I recently returned from a trip to Taiwan to visit my lovely 90 year old grandmother. While the trip, itself, was full of adventures and exploration, I was also there on another mission: to help promote musician wellness and injury prevention. Having been a former piano teacher herself, my grandmother introduced me to the Chinese Culture University, where one of her former students is now a professor within the music department. I was fortunate enough to be invited to spend the afternoon sharing my experiences and educating the future musicians of Taiwan on my passion in Performing Arts Medicine. What was even more exciting, was their openness and curiosity to learn more about their bodies, how to play more effortlessly.
I was so grateful for the opportunity to be able to travel halfway around the world and to see first hand, once again, that the love of music transcends all cultures, languages and centuries. This is why it's so important to protect the art and the people who interpret it and keep everyone happy and healthy.
It's been a long time coming. After years of prodding and harassing from my friends, family and colleagues.... I mean - gentle encouragement... I've finally decided to embark on this journey of blogdom.
So, in honor of new beginnings and building things from the ground up, I present to you: My mini piano.
It certainly has been a long road to get to this point. From a clumsy 4 year-old finding her way around a piano, to being chosen to receive college scholarships for 2 instruments; one shoulder surgery, 5 months of lost playing-time, 6 years of undergraduate coursework and 3 years of graduate school later, I set forth on my mission to help the injured musicians on the world.
I want to be THAT person.
What I have learned through the years as I transitioned from a music student --> performer --> teacher --> physical therapist, is that the human body is truly amazing. It has the capability to do incredible things things, such as leap off tall buildings, lift burning cars off of trapped people.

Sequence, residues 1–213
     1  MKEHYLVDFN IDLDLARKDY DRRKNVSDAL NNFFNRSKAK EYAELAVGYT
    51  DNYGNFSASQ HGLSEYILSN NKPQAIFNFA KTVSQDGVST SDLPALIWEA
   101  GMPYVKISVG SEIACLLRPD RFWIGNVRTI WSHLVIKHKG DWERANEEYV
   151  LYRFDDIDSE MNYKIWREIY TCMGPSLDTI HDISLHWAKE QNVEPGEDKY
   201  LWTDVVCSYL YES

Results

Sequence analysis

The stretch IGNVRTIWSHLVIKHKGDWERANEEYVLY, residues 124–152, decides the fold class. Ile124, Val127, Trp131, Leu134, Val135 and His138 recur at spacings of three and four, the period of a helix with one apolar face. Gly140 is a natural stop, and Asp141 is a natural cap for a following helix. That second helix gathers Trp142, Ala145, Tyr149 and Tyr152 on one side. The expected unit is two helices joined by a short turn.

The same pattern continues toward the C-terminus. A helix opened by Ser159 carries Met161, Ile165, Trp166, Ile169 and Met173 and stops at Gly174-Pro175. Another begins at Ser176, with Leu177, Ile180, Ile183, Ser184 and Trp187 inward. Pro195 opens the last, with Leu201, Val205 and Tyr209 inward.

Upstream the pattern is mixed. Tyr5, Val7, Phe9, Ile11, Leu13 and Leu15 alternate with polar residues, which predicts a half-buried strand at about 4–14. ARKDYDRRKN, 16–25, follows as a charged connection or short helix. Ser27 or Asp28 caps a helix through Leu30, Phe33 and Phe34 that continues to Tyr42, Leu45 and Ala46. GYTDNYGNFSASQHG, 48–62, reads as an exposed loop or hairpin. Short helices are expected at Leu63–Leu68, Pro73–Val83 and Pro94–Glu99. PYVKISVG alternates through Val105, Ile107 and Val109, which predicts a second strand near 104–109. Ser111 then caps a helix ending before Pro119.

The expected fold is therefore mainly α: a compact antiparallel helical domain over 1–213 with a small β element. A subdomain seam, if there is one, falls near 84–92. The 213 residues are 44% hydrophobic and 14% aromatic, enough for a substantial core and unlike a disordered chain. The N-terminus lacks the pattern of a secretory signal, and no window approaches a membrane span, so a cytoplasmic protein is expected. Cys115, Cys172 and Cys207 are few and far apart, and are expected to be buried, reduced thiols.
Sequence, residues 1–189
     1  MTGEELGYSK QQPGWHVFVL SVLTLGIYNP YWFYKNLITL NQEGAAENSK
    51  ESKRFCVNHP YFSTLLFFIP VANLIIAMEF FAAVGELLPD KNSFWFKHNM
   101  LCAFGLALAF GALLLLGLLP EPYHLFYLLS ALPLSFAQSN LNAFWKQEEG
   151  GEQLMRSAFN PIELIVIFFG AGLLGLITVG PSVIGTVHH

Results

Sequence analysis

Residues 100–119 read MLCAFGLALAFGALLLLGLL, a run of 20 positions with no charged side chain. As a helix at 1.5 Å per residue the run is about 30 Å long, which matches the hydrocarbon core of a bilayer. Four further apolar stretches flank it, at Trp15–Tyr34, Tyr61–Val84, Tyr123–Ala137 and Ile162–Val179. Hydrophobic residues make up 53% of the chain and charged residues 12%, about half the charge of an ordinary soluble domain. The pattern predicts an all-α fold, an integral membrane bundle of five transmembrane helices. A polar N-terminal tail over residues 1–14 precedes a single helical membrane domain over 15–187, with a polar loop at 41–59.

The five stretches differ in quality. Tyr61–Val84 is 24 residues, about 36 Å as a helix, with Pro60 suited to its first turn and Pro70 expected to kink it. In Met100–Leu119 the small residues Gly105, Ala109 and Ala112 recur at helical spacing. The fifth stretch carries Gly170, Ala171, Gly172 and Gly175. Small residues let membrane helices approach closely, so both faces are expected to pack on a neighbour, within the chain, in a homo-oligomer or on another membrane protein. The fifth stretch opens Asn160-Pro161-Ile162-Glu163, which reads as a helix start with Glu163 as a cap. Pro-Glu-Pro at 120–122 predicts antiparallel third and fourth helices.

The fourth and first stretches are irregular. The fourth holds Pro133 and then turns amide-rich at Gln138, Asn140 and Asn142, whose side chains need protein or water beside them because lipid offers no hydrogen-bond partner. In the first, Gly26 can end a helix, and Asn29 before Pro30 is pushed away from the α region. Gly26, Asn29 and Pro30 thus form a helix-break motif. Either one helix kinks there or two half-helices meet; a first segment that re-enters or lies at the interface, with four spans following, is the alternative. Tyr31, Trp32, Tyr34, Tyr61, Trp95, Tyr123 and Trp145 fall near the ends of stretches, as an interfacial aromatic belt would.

It can also do this:
The human body is also amazing, in a sense that it can withstand hours of repetitive motions and activities. It does not discriminate whether you sit at a desk all day on the computer, or if you are a professional athlete practicing and training for hours/day. If you do not respect your body and listen to what it's trying to tell you, it may eventually break down.
I commonly work with patients who are elite or professional musicians. The thing that always surprises me is how much they DON'T know about their bodies. As musicians, we are always less concerned about WHAT we are doing than HOW it comes across to our audience. But here's something else for you to think about:
When I was in college, this is what a typical week as a piano performance major consisted of
That comes to about 42 hours of actual instrumental playing time.
What about the time spent sitting in class or typing on the computer doing homework and chatting with my friends?
42 + 20 hours on the computer + 25 hours in class = 89 hours of sitting in the SAME position.
IN. A. WEEK.
No wonder I was in pain. I hurt just thinking about it.
And it is this point that I emphasize to the musicians who come in to see me at my clinic, and I want to emphasize this to you (whoever you are), now.
TAKE A BREAK!!
As a general rule of thumb, if you are a performing musician who spends many hours in a week playing, you should allocate AT LEAST 5 minutes of non-playing time for every 25 minutes of playing time. During the 5 minutes, take time and move OUT of your playing position. Stand up, move around, stretch. Do yourself a favor and go find something else to do other than play or stare at your computer screen.
Trust me. Your body will thank you, and your audience will too.